Techopedia Explains Zip DriveThe Zip drive was available in 100- and 250-MB capacities. The initial versions of the drive could be connected to a computer by means of a parallel, SCSI or IDE port. The later versions had a USB interface and were thus simple to connect, being plug and play. The Zip drive was PC and Mac compatible and came with a manual and related software that provided ease-of-use features. The drive installed itself on a computer and would be assigned a new drive letter to distinguish itself from other drives. It could handle high-capacity Zip disks and had a large drive slot to fit the disks. The Zip drive also contained a retro-reflective spot for identifying the proper disk media in order to prevent damage to the disk and drive.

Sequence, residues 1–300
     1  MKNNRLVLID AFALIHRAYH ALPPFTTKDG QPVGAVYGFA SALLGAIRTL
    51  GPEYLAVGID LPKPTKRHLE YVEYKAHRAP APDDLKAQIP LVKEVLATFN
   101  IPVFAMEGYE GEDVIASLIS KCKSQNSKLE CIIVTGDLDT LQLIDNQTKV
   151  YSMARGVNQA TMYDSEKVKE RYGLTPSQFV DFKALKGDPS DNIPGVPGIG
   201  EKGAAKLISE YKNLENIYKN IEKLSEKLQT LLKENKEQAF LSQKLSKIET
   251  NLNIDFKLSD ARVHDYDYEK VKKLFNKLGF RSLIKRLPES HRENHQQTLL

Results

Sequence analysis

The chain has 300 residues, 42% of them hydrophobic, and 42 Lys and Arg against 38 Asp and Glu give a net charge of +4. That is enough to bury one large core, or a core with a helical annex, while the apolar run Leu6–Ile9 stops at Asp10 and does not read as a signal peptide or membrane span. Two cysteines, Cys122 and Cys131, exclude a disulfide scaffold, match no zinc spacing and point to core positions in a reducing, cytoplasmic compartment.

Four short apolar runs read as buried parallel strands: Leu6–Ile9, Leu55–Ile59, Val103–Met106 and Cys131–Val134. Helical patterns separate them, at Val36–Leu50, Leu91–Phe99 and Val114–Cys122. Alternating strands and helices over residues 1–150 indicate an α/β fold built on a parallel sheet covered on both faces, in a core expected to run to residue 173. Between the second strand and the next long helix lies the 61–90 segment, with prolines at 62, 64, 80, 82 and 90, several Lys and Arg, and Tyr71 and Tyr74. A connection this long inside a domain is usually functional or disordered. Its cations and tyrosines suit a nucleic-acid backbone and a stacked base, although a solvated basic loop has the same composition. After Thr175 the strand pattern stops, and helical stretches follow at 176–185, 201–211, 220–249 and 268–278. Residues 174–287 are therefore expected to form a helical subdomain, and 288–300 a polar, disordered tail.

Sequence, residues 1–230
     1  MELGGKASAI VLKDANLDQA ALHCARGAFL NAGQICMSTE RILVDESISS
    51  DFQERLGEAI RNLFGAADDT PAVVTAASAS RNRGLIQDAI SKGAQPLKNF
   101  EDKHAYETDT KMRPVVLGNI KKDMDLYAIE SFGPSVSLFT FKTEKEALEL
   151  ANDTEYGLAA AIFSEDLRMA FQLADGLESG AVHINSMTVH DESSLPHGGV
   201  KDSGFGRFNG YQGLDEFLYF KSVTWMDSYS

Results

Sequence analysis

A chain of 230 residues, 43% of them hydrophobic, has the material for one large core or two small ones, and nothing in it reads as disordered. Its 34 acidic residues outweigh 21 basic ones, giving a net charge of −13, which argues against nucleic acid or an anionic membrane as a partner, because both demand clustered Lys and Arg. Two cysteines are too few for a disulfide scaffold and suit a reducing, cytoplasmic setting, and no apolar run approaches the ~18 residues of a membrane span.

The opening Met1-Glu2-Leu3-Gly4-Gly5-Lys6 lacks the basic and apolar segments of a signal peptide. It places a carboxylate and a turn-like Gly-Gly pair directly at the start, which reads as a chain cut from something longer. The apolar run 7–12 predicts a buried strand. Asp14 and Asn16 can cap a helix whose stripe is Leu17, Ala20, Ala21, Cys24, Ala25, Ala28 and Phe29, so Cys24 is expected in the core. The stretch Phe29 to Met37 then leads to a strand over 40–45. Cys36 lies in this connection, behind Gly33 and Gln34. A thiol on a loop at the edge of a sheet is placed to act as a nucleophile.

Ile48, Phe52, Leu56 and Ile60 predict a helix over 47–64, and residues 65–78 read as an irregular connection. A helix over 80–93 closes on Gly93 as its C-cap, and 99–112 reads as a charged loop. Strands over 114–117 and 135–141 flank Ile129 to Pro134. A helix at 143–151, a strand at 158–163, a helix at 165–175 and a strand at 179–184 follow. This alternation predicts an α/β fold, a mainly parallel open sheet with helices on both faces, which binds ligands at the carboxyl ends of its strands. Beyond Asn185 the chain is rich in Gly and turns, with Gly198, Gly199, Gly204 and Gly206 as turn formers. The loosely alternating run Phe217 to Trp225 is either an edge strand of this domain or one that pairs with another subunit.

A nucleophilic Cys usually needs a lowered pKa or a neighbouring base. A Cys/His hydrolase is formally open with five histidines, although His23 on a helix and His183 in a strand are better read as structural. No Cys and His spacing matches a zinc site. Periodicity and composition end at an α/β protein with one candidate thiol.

At the height of its popularity, the Zip drive was considered a larger version of the floppy drive and certain manufacturers included Zip drives internally in their devices. It was favored in the graphic arts vertical market and was also economical for home users at the time of launch for storing large data. Zip drives were reportedly prone to click-of-death failures, which potentially resulted in media and data loss.
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